The two Typhoon pilots visually identified the two Russian Tu-160 Blackjack bombers and escorted them as they flew close to the British airspace.

It’s the very first time in several years that the white-colored supersonic, variable-sweep wing heavy strategic bomber appears in photographs taken by RAF QRA pilots: indeed, according to recent reports, there only 5 combat capable Tu-160 in service and this means the Tu-160 are rarely launched on very long missions.

Tu-160 intercepted Typhoons

However, with the Tu-95s only slowly returning to normal operations after the grounding that followed a series of crashes, there is some chance Tu-160s may pay visit to the international airspace off some NATO member state.

Tu-160 intercepted

In 2013, two Tu-160s deployed to Venezuela and Nicaragua after a 13-hour flight across the Pacific. On their 15-hour return flight to Engels airbase, in Russia, that included aerial refueling by Il-78 tankers over the Norwegian Sea, the two Blackjacks entered Colombian airspace and were intercepted and escorted by Colombian Air Force Kfir fighter planes for 5 minutes.

Image credit: Crown Copyright / UK MoD

 

RAF pilot draws what someone thought was a “giant penis” over UK base sparking complains

In what is just an unfortunate accident, a RAF jet on holding pattern for landing at a UK base drew what someone thought was a giant penis in the sky.

It is “not what it perhaps appears to be” said a spokesperson at RAF Lossiemouth airbase, in the UK, answering questions raised by contrails in the sky that allegedly drew a “giant penis” near the Scottish airbase.

Indeed, it looks like someone mistook the vapour contrails left by one the aircraft based at RAF Lossiemouth waiting for landing on a holding pattern, and thought that a rude shape was drawn on purpose by one of the British pilots.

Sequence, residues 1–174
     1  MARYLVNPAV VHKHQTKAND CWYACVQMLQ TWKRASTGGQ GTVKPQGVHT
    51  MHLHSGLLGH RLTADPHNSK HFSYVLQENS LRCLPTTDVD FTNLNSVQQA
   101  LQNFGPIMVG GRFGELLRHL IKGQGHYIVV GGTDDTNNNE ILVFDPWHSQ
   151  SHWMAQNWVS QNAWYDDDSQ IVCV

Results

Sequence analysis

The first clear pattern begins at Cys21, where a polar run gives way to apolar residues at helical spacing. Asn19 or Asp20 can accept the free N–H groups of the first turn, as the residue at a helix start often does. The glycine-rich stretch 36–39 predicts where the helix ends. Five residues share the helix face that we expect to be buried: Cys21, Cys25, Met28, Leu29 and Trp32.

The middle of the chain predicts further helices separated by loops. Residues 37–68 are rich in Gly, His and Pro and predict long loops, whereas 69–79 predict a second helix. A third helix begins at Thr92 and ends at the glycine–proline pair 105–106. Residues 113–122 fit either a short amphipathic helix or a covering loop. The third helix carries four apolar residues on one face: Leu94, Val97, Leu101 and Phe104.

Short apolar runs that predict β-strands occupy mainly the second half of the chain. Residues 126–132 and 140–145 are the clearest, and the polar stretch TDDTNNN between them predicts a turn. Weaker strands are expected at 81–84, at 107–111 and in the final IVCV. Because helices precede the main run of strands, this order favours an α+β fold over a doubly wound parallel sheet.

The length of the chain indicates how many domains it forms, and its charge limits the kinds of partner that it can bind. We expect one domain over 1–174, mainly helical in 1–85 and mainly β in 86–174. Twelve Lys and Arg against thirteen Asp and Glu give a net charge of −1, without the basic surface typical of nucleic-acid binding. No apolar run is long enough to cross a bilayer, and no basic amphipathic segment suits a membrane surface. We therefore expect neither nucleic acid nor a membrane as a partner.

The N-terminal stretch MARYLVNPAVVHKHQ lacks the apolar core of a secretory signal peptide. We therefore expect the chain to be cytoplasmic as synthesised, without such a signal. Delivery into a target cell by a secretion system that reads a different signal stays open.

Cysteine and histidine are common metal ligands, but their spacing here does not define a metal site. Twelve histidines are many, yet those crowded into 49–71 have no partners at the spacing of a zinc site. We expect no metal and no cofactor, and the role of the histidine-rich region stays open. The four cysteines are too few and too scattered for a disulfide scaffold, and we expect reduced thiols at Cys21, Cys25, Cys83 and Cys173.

However, as you can see in the photo below, much fantasy is needed to see something pervert in the so-called “racetrack” flown by the RAF jets at high altitude…

As RAF spokesman said: “people sometimes look into the sky and see all sorts of things.”

Contrail RAF Lossiemouth

Image credit: Cascade via Mirror.co.uk

The contrails (short for condensation trails) appear for the quick condensation of the water vapour that is contained in the exhaust of the engines and in the surrounding air (due to a quick decrease in pressure and temperature) and crystallization of it around the solid aerosol particles ejected by the aircraft’s engines. As temperatures where the change of state happens are extremely low (from -40° Celsius), contrails should appear from altitudes around 8.500 meters (in ISA, International Standard Atmosphere, that has a ground temperature of 15° C and a vertical temperature gradient of -6,5° C/1,000 meters).

RAF Lossiemouth is one of the main operating bases within UK, home to both Tornado and Typhoon squadrons.

 

Russian “Bear” strategic bombers intercepted by Typhoon jet from base in Scotland for the first time

RAF Typhoons from RAF Lossiemouth, Scotland, intercepted Russian Tu-95 bombers.

This news would sound different if Scotland got independent anyway, on Sept. 19, Royal Air Force Typhoon FGR4 aircraft, based at RAF Lossiemouth were scramble for the first time since they relocated from RAF Leuchars, Scotland, to the most northerly Scottish base, to identify, intercept and escort Russian Air Force Tu-95 Bears.

This was the very first time the Quick Reaction Alert (QRA) was launched since the Scottish base took on the role of defending the UK’s Northern airspace on Sept. 1.

The Bear bombers were flying a routine long-range training mission off the British Isles and did not enter UK airspace (unlike what two Su-24 did in Sweden earlier this week to probe Swedish Air Force readiness).

This is not the first time Typhoon from the 6 Sqn intercept Russian strategic bombers skirting the UK airspace: on Apr. 23, two RAF Typhoons from RAF Leuchars (where the squadron was previously based), intercepted and escorted two Tu-95 “Bear-H” aircraft that were approaching the British Isles.

Image credit: Crown Copyright